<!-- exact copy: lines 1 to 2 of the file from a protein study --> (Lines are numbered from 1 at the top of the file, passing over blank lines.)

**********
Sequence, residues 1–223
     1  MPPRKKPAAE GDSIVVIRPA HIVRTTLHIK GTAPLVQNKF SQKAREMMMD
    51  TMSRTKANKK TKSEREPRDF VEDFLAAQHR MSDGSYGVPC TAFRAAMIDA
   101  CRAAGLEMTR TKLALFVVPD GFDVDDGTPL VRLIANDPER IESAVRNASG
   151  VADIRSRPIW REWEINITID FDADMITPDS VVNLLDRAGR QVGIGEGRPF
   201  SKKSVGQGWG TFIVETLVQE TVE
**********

Sequence, residues 1–223
     1  MPPRKKPAAE GDSIVVIRPA HIVRTTLHIK GTAPLVQNKF SQKAREMMMD